BERLIN — As the clock winds down on Germany’s election campaign, it looks increasingly likely that Angela Merkel’s Christian Democrats will be exiting the halls of power with the chancellor, clearing the way for the first center-left-led government in 16 years.
With less than a week until next Sunday’s general election, the conservative bloc Merkel has dominated since the early 2000s, the so-called Union, remains well behind the first-placed Social Democrats (SPD), a trend that has remained unchanged for weeks. With many Germans having already voted via postal ballot, a last-minute shift is unlikely.
During the final debate of the campaign Sunday night, Armin Laschet, the Union’s candidate to succeed Merkel, put in another lackluster performance, failing to land the knock-out blow he needed to catch up with frontrunner Olaf Scholz of the SPD. Though Laschet was the early favorite in the campaign, he stumbled during the devastating floods that hit western Germany over the summer and never recovered.
Meanwhile, Scholz, the soft-spoken federal finance minister and former mayor of Hamburg, succeeded in convincing voters he was the closest they could get to keeping Merkel, who is not running for reelection but remains the country’s most popular politician.
A snap poll at the end of the 90-minute debate found Scholz was the clear victor with 42 percent of those questioned declaring him winner, well ahead of Laschet with 27 percent and Greens leader Annalena Baerbock with 25 percent. That completed a hat trick of debate victories for Scholz, whose personal approval ratings dwarf those of his rivals.
Even Laschet’s potential coalition partners have begun to publicly abandon him.
“It’s time for the Union to go into opposition,” Baerbock, whose party had prepared for months for a possible alliance with the conservatives, said at the debate’s conclusion.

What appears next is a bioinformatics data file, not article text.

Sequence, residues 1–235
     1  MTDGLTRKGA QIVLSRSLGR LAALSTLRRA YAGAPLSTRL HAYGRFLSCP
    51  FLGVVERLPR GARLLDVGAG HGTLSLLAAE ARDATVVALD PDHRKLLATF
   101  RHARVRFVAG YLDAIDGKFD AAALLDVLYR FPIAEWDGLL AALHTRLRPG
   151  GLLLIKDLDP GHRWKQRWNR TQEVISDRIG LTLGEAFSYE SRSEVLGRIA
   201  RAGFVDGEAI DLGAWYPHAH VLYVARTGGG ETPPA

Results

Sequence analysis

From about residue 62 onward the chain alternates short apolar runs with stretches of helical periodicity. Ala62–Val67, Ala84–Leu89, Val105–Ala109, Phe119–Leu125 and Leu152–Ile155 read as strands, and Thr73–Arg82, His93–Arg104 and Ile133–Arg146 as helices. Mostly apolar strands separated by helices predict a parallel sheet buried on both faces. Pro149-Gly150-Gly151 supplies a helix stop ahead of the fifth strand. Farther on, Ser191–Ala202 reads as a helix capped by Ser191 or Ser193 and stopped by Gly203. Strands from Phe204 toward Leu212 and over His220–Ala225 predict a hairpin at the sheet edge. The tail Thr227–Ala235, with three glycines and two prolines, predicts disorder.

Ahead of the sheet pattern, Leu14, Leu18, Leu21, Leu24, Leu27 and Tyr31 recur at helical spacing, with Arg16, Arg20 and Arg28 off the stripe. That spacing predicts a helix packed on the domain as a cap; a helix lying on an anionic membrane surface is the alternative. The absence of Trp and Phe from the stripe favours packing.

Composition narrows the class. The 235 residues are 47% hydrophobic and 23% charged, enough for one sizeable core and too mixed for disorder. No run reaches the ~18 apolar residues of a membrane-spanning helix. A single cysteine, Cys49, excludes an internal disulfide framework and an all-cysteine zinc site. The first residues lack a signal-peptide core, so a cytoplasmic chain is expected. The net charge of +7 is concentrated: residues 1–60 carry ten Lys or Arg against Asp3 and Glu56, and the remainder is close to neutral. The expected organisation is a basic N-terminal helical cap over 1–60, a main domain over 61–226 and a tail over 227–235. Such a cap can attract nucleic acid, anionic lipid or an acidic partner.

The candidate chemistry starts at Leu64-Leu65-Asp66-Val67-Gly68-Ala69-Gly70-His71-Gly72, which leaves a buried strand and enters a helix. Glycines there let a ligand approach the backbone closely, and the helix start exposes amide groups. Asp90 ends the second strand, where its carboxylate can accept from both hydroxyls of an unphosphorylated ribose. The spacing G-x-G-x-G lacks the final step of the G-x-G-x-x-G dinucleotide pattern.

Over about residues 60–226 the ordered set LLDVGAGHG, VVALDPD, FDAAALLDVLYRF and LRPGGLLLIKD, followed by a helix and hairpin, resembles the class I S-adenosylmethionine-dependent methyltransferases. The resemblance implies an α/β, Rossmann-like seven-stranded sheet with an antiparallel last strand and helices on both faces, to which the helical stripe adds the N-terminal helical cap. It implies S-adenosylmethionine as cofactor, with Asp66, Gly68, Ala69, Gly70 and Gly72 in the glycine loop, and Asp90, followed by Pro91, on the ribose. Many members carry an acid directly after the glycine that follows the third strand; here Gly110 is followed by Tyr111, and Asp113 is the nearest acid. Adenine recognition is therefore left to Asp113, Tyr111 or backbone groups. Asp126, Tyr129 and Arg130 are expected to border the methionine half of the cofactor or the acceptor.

In recent weeks, Laschet and his camp have tried to convince voters that a victory for the SPD would usher in a leftist coalition between the SPD, Greens and the Left party, the political heirs of the communists who ruled East Germany.
Yet recent polls suggest Laschet’s warnings have failed to move the needle. In POLITICO’s Poll of Polls, which aggregates the results of several leading polling institutes, the Union is on 21 percent, well behind the SPD at 26 percent. The Greens are at 16 percent, followed by the pro-business Free Democrats (FDP) at 11 percent and the Left at 6 percent. (The far-right Alternative for Germany is at 11 percent, but does not factor into the coalition math because the other parties have refused to collaborate with it.)
That suggests that both a “traffic light” coalition — SPD, Greens and FDP — as well as a leftist alliance would be the most likely options. Scholz, who is considered a moderate within his party, has made overtures to the right-of-center FDP in recent days. Though the Left would be a better fit in many respects, especially on social issues, the party’s communist history and controversial foreign policy positions (it wants to take Germany out of NATO) make it the less likely partner.
Even so, finding common ground with the FDP won’t be easy for the SPD and Greens either. FDP leader Christian Lindner reiterated on Sunday that his party would accept neither tax increases nor continued violations of the country’s balanced budget rules. He is also skeptical of many of the Greens’ environmental prescriptions.
But if the only other viable option is a leftist alliance, Lindner, who pulled the plug on negotiations over a three-way coalition with the Union and Greens in 2017, could find himself facing intense pressure to cut a deal. He has already made it known that his price for entering any coalition would be the finance ministry, a big prize in any coalition that would give him control over policies most important to his party base.
After governing Germany together for 12 of the past 16 years, the Union and SPD, long the country’s dominant political forces, have both made clear the time has come to end their coalition, making a reprise, even with a third partner, unlikely.
Sunday’s debate, which was staged by commercial broadcaster ProSiebenSat.1, was a serious exchange with few fireworks. Like the other debates, the focus was solidly on domestic affairs, such as the minimum wage and welfare, as well as the pandemic and climate policy. Neither Europe, nor broader foreign policy questions such as China, was discussed.
At times, it seemed as though Scholz and Baerbock were working in tandem. After election day, they’re likely to have a chance at teaming up for the longer term.